For Aung San Suu Kyi, next week's by-election is an attempt to reach out to the people and affirm her credentials as a unifier of Myanmar.
The political fortunes of Myanmar's famous dissident rest in the hands of an impoverished community, many of whose members come from the country's Karen ethnic minority.
It is the estimated 87,000 eligible voters in the Kawhmu township, on the southwestern fringe of the former capital Yangon, that the Nobel Peace laureate is trying to woo as she seeks another milestone in her journey as the conscience of her military-dominated nation — to be elected a parliamentarian in the April 1 by-election.
The choice by the 66-year-old leader of the National League for Democracy (NLD) to contest in Kawhmu against two other candidates — one of whom is the nominee of the ruling, military-backed Union Solidarity and Development Party (USDP) — is rich in symbolism. She is attempting to use the by-election to reach out and affirm her credentials as a unifier in a country that has been ripped apart by ethnic divisions and separatist conflicts for six decades.
The numbers she has attracted during four campaign stops in Kawhmu — close to 40,000 during one held in an open field near a Buddhist monastery last week — are as large as the thousands she has drawn during her election campaigns to all 47 other constituencies across the country where her party is fielding candidates.
The adoring crowds who wait for her for hours in the blistering sun swell to life and chant slogans as the familiar figure, with a sheaf of flowers stuck in her hair, takes the stage. “Amay Sue! Amay Sue! (Mother Sue! Mother Sue!),” they cry.
Themes during campaigning
Her speeches during the campaign trail have touched on themes that she has developed since she began her Gandhian role in 1988 to challenge decades of military oppression in Burma (as the country was then known). “All repressive laws must be revoked and laws introduced to protect the rights of the people,” she said during a landmark speech in mid-March on state-controlled television. “The judiciary must be strengthened and released from political interference.”
She has also taken the more conventional route followed by campaigners in Southeast Asian countries — accusing the government of denying her party access to venues for campaign stops, such as football fields (under the control of the sports ministry); expressing concern about election frauds such as voters' lists with names of dead people (a problem during advanced voting); and pledging to solve the country's crippling unemployment (she has promised to find jobs for voters in Kawhmu, where many survive on fishing).
The attention that Sunday's by-election has attracted affirms how high the political stakes are not only for Suu Kyi and her NLD, but also for President Thein Sein, who heads a one-year-old quasi-civilian government, and his emerging challenger from within the military camp, Lower House Speaker Shwe Mann — a former general like Thein Sein. Were Suu Kyi and her party to emerge triumphant, it would mark their entry into the formal political system after decades of oppression and marginalisation by the juntas that preceded the reformist administration of Thein Sein. Their place, however, would be among the ranks of the opposition in both the Lower House — where the USDP holds 219 seats following a fraud-plagued 2010 general election, and non-elected military officers hold 110 out of 440 seats — and the Upper House — where the USDP occupies 123 seats and the military, 56 out of 224 seats.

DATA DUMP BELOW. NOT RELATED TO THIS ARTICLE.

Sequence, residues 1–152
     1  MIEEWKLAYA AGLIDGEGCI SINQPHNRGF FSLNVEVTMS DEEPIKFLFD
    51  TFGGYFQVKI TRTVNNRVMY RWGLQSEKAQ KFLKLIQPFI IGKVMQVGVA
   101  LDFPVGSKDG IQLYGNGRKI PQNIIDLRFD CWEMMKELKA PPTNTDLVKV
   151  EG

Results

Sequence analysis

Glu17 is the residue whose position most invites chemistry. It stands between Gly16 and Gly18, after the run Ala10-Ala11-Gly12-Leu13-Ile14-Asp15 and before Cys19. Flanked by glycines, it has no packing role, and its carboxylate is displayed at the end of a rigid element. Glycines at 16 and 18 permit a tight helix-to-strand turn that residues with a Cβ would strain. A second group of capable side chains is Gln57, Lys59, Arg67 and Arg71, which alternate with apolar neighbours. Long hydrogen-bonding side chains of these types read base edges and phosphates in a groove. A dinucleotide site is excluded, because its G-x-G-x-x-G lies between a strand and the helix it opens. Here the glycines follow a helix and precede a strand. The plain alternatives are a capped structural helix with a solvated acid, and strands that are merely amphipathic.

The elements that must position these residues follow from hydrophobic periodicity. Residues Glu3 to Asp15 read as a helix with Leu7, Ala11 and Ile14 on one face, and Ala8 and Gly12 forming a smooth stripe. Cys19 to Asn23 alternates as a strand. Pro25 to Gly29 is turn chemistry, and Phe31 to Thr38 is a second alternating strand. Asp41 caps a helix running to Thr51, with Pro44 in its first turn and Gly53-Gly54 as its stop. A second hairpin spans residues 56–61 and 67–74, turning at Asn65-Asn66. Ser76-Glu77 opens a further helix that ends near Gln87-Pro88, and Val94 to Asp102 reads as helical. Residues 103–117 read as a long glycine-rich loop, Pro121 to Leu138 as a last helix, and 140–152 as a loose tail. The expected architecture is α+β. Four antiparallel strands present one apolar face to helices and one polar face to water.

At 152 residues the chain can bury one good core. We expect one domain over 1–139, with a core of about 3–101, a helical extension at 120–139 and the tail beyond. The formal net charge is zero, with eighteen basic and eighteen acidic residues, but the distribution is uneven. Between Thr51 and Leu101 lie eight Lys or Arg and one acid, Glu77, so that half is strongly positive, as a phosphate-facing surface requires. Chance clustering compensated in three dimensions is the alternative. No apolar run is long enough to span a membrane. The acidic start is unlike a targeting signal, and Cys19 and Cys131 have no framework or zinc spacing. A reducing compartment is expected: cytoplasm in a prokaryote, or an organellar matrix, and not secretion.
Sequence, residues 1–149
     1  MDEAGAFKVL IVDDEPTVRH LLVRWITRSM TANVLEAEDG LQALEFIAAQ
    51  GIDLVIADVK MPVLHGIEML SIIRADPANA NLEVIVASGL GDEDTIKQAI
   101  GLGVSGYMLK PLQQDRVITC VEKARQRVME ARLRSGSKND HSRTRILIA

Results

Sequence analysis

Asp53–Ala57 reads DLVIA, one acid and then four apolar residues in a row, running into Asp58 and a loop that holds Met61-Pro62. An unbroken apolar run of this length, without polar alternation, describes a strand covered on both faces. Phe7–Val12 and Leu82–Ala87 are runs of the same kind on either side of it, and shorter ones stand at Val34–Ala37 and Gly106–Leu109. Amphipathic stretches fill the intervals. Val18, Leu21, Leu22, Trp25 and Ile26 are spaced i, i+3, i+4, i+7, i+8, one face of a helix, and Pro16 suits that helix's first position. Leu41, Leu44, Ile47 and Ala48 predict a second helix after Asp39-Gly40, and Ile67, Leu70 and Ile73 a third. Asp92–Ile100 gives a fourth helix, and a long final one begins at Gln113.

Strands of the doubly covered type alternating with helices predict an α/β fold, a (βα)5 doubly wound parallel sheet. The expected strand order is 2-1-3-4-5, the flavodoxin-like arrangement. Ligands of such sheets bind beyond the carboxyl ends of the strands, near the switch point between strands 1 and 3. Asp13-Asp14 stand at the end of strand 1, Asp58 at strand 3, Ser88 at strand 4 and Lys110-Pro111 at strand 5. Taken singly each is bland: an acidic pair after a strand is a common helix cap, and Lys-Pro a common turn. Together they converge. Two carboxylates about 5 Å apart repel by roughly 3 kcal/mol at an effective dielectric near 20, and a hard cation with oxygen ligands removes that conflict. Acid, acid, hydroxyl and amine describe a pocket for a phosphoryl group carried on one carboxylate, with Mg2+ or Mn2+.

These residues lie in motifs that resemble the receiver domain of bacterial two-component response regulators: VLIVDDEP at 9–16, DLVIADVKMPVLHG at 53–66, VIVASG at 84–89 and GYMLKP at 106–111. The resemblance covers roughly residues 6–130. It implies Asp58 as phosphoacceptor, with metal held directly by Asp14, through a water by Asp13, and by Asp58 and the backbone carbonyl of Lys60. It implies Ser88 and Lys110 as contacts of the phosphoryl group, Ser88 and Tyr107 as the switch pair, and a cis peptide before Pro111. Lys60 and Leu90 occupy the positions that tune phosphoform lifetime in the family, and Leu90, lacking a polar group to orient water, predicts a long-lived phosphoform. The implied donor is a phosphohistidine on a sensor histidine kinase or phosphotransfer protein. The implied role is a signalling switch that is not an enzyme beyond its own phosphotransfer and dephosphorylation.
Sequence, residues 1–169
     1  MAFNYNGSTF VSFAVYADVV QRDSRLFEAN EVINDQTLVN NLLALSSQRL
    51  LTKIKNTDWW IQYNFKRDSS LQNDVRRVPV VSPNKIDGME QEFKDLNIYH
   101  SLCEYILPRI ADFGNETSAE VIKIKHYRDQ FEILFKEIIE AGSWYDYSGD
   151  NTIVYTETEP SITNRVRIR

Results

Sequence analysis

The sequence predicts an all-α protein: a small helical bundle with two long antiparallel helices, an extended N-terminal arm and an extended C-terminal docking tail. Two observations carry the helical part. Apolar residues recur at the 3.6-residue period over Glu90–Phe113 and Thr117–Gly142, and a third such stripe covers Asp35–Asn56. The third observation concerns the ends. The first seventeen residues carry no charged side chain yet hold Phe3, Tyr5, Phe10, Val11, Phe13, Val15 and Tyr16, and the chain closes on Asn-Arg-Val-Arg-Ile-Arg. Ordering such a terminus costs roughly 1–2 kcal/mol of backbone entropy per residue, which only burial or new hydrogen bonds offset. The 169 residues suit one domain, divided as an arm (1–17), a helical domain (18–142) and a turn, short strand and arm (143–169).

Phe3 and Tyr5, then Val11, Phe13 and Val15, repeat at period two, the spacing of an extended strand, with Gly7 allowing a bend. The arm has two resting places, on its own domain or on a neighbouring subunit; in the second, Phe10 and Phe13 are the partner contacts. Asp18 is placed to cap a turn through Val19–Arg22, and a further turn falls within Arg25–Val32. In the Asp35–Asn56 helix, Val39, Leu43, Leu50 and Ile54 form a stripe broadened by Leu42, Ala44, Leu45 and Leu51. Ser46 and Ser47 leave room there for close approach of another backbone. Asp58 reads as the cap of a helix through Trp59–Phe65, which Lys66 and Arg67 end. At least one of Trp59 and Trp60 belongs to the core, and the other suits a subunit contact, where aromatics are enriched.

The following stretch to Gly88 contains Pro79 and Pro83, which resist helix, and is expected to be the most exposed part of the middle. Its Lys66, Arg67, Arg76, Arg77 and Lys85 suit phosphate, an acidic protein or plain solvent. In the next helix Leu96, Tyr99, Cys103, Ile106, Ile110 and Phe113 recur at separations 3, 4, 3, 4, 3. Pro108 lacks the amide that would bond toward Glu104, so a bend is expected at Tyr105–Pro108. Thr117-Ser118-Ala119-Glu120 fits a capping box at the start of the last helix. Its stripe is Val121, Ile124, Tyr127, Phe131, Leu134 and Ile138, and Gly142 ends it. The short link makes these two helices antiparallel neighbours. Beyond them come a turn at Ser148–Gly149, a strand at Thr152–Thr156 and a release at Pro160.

Such a scenario, with added proof that the polls were free and fair, would be a political windfall for the President. Yet that would mean Thein Sein having to deal with the anger in the ranks of the USDP, whose leaders, many of them former military men, have become increasingly resentful of the reforms since last August, given that they have to pay a political price for it.
An exception to such a USDP mindset is Shwe Mann, the most powerful military officer who traded his green uniform for the civilian longyi. As the Speaker, he has rubbished Myanmar's critics who say that the country's Parliament is a rubber stamp for executive authority, on the lines of China's National People's Congress. In the past year, he has led the way to form Parliament oversight committees to check the President's authority. Suu Kyi and the NLD in Parliament would consequently appear as a natural ally for Shwe Mann, whose political agenda appears to be shaped with an eye on the country's next general elections in 2015.
Yet for Suu Kyi, there are other political stakes to consider in her role as a new parliamentarian. There is, after all, a halo around her after over 20 years of struggle against military dictatorships. Will the rough and tumble of daily politics diminish her defining qualities — as a symbol of hope and righteousness in her troubled country?
(Marwaan Macan-Markar is a Bangkok-based foreign correspondent who has been covering Southeast Asia since 2001 for an international news agency.)